Minimizing Tummy Tuck Scars at Home
Submitted by Florence Mussat M.D, S.C. on December 27, 2019 - 8:00 am
A tummy tuck can change your look in wonderful ways — giving you a flat belly, a curvy waist, more defined abdominal muscles, and smoother skin. But, like all plastic surgery, it also leaves scars, in this case, hidden below the panty line. What can you do at home, as you recover from the procedure, to make tummy tuck scars less noticeable? Here are some important tips.
Follow Your Doctor’s Recovery Instructions
The most important thing you can do to minimize the appearance of tummy tuck scars is to follow your doctor’s recovery instructions.
- Care for the incision as instructed. That will include changing the dressings and gently cleaning the healing wound.
- Get up to walk soon after the surgery and engage in some gentle activity every day as you recover. This reduces swelling and the risk of blood clots by stimulating circulation in the treated tissue.
- Drink plenty of fluids and eat a healthy diet during your recovery. This promotes skin health and healing.
- Avoid heavy lifting and other strenuous activity that can strain or put pressure on your abdomen. This is to prevent pulling at the sutures and stretching the skin.
- Don’t smoke. You will have had to stop smoking for several weeks before the surgery. You also need to stay smoke-free for several weeks after to allow the incisions to heal well.
Use Topical Treatments at the Right Time
Topical treatments, including silicone and vitamin E, can promote healing and help minimize scarring, but only if applied at the right time — neither too early nor too late in the recovery timeline. Used too early, they can enter the wound and increase the risk of infection. Used too late, they don’t do as much good.
Follow your doctor’s advice and apply silicone gel, cream, or sheeting once the incision is completely closed and is no longer scabbing. Silicone applications maintain healthy hydration in the developing scar tissue and may send a signal that curbs the production of excess collagen.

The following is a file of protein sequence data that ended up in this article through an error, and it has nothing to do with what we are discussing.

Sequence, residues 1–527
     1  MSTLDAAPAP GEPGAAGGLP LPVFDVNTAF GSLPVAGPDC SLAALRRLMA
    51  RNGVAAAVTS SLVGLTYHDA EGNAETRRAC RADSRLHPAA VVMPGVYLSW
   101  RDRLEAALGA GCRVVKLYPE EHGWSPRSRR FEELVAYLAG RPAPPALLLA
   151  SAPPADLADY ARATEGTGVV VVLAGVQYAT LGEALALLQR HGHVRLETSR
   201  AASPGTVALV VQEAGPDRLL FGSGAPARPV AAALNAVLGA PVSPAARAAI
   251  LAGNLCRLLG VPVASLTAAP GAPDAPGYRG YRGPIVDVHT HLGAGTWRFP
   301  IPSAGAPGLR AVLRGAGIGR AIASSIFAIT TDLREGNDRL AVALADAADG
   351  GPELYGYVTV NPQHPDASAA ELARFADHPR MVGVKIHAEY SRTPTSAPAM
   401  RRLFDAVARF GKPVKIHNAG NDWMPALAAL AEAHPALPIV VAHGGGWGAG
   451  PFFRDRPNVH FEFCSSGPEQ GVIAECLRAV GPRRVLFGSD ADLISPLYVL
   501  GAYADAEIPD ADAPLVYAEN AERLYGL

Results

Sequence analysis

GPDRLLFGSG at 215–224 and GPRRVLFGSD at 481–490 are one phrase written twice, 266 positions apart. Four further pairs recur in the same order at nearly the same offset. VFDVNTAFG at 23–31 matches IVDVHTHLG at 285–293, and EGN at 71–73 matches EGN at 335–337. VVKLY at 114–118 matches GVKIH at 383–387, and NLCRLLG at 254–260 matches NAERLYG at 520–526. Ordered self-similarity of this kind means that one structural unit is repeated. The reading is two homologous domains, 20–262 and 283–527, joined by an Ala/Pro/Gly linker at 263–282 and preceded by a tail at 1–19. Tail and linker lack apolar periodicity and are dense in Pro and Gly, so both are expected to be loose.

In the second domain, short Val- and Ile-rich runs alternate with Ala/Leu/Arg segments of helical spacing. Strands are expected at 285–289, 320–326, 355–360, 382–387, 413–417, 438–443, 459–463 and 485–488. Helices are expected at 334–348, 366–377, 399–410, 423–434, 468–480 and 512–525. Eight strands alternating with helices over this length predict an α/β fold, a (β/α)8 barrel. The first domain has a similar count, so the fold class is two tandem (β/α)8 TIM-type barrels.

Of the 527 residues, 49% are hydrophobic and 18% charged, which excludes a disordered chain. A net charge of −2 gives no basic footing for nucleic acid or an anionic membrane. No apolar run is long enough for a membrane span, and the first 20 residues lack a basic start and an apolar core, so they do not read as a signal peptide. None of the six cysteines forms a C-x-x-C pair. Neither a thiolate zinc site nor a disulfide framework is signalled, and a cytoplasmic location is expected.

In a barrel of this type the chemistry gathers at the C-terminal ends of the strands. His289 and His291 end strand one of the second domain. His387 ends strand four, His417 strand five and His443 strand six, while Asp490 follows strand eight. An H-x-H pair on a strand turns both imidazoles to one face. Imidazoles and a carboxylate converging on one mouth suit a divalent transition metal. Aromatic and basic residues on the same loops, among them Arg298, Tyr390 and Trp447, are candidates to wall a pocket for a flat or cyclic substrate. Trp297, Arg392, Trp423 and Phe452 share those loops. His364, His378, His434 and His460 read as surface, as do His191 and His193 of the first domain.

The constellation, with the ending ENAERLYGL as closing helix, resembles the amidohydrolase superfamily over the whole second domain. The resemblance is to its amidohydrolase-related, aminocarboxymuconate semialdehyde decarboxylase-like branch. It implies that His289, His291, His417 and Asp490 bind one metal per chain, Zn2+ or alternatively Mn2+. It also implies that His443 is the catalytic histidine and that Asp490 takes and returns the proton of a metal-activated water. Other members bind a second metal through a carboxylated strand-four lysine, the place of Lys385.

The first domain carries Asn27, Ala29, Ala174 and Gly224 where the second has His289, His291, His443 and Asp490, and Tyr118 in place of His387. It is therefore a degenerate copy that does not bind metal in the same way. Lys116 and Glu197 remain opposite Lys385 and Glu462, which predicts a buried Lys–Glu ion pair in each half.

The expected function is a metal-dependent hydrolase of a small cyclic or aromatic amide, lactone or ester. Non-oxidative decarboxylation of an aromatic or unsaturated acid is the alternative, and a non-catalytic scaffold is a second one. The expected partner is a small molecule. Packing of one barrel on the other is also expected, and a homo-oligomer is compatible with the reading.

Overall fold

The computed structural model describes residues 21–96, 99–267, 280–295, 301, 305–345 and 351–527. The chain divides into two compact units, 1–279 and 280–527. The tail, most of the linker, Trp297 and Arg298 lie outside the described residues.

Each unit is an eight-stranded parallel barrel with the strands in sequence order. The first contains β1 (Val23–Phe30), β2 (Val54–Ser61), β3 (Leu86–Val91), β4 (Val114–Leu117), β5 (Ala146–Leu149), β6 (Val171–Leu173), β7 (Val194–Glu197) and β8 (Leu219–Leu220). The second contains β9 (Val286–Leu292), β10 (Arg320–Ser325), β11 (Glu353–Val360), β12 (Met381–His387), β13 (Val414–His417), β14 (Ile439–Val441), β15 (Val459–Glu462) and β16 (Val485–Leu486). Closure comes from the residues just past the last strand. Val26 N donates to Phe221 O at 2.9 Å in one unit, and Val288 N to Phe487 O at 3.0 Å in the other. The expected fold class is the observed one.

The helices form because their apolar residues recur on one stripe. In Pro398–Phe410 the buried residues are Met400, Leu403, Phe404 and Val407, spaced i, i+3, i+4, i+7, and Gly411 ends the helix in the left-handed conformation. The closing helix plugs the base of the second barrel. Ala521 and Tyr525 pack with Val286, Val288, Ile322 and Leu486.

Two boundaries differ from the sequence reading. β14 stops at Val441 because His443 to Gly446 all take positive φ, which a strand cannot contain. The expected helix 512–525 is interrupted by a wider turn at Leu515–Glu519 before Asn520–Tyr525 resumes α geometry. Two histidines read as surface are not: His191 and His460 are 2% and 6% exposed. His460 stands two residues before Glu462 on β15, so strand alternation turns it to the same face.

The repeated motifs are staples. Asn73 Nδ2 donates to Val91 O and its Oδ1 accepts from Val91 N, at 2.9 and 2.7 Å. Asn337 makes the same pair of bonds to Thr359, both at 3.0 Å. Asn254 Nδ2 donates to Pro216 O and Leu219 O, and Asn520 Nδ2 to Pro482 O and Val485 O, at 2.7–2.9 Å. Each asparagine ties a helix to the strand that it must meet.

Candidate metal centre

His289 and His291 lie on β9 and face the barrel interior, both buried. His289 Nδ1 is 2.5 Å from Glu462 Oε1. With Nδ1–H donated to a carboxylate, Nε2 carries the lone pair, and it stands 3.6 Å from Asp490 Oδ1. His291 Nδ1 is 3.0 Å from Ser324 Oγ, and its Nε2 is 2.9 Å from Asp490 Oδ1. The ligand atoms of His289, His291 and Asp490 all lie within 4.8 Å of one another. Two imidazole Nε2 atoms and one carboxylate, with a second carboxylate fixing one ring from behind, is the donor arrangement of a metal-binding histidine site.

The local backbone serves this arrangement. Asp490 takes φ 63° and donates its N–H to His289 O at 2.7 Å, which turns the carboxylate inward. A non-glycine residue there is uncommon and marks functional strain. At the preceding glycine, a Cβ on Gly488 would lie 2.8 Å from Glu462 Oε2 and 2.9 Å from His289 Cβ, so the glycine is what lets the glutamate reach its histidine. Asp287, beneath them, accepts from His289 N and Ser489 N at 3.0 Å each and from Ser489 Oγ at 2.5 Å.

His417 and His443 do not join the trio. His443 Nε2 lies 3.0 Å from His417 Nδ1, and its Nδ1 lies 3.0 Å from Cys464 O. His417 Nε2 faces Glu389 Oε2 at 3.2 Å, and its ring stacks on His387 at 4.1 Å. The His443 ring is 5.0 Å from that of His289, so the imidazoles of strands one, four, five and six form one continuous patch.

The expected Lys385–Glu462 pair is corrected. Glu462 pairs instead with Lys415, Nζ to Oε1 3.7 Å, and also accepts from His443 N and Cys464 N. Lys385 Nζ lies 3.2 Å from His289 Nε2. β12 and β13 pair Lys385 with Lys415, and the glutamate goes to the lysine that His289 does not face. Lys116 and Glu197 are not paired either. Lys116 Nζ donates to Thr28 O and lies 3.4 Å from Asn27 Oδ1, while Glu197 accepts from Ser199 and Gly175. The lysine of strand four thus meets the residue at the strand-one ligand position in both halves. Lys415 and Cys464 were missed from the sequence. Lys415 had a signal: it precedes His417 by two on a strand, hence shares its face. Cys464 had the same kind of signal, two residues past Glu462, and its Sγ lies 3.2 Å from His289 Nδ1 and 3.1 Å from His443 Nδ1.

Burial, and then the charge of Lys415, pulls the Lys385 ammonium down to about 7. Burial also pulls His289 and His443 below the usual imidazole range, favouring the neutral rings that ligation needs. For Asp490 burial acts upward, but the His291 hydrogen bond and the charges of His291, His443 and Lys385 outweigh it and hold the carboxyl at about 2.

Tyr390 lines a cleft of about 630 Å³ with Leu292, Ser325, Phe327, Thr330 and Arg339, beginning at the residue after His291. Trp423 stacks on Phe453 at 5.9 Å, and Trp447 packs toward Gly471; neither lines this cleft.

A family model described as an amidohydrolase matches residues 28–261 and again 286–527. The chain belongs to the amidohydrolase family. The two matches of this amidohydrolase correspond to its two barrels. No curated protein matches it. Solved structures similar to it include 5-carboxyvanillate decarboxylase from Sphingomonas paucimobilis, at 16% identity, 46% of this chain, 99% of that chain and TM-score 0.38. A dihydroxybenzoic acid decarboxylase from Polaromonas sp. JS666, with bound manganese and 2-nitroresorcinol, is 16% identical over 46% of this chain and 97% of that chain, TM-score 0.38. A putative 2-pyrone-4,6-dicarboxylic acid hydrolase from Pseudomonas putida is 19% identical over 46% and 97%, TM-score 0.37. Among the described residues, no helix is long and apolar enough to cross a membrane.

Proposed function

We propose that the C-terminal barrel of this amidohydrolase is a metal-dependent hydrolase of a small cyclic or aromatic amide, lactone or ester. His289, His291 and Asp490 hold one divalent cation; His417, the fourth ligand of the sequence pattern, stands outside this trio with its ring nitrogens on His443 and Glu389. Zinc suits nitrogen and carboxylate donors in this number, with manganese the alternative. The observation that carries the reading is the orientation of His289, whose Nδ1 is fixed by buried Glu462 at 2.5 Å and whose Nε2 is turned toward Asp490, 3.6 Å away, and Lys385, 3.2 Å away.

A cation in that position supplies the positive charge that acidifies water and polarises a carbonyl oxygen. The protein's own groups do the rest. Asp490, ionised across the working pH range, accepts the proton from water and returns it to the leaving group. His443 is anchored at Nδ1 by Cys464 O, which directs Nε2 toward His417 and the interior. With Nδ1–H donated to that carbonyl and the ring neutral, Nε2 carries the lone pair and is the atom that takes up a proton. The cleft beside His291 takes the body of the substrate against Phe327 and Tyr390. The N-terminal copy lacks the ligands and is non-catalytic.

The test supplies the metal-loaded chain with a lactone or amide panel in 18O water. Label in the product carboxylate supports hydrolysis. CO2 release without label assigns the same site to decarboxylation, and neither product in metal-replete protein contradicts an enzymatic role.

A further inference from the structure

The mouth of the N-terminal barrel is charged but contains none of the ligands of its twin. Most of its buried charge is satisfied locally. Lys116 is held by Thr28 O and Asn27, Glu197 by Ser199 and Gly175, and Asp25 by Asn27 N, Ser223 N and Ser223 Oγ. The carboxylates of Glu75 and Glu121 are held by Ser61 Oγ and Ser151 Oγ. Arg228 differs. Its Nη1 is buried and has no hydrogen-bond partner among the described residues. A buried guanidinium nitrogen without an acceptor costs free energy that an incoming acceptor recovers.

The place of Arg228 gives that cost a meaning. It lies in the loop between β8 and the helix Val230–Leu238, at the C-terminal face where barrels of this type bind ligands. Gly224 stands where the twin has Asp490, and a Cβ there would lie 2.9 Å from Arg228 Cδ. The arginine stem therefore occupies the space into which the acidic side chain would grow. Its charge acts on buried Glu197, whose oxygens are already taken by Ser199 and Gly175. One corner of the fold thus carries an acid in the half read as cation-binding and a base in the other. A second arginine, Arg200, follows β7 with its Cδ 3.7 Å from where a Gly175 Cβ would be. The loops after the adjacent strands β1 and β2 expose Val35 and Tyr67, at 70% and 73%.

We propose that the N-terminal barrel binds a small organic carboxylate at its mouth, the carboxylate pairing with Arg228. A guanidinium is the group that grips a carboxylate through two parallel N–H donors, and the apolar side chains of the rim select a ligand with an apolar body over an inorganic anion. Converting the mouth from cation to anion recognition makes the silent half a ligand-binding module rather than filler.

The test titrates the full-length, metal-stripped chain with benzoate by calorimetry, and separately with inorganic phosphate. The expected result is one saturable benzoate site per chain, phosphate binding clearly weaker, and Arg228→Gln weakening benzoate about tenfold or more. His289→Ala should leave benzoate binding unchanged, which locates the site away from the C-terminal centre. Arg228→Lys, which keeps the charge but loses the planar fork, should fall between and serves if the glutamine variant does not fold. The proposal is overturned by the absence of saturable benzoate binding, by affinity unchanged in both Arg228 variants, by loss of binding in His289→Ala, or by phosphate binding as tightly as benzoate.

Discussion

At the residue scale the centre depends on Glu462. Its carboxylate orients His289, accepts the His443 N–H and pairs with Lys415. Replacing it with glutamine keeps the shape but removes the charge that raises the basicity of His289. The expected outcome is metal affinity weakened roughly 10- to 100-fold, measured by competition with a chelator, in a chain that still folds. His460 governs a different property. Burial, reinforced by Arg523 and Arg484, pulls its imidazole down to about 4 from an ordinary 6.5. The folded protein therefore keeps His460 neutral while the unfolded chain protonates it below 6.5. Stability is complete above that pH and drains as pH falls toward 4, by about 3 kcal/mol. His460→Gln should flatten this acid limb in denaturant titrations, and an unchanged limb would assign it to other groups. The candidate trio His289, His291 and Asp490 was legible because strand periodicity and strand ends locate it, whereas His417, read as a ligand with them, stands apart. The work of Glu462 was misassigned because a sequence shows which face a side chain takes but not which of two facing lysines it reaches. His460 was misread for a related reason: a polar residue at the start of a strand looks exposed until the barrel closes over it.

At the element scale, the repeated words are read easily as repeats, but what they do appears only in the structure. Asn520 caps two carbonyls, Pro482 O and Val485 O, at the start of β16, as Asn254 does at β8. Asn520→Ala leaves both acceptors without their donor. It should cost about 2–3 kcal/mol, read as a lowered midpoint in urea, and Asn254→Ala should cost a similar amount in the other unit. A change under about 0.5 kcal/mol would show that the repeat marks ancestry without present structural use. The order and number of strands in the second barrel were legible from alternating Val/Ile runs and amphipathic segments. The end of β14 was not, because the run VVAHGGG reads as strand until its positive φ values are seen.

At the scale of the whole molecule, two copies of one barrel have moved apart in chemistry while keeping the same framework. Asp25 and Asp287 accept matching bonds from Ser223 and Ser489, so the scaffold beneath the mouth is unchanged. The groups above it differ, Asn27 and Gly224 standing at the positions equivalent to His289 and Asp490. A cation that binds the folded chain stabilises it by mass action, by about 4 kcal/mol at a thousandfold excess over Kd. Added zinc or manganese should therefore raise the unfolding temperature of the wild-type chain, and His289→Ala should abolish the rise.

Vitamin E (in the form of 100 percent vitamin E oil) may also improve the appearance of scars and can help to keep the tissue moisturized when used after the incision is closed. (If you experience any irritation or skin reaction from the oil, stop using it right away.)
Avoid Sun Exposure
We all know that UV radiation from the sun damages the skin, causing tanning or burning. It can also cause permanent discoloration in developing scar tissue. Avoid exposing the scar to the sun for at least a year after your surgery. Use a sunscreen formula that’s SPF 30 or higher, preferably a product made specifically for scars. (These include Mederma Scar Cream Plus SPF 30, Dermaflage Scarscreen SPF 30, and Bioderma Photoderm LASER SPF 50+ Cream.)
Watch for Signs of Infection
Infection can be a nasty setback to healing. Without prompt treatment, it can also intensify scarring. Follow instructions for changing dressings and cleaning the incision, and see your doctor right away if you notice any signs of infection. These can include:
- New or excessive bleeding along the incision
- Redness, swelling, or bruising in the area of the incision that is getting worse instead of better
- Yellowish or greenish discharge from the incision, or any discharge with an unpleasant smell
- Fever or chills
- Severe pain
It’s normal for scars to form with a darker red or purple color. That’s because the tissue has an additional flow of blood as it is healing. After about three months, this dark coloring will gradually begin to fade. You’ll see improvement by six months and near-final results by about a year after surgery. The scars will continue to fade even more for years. So don’t worry if scars are visible in the early stages of healing. That’s to be expected. Have patience and give your body time.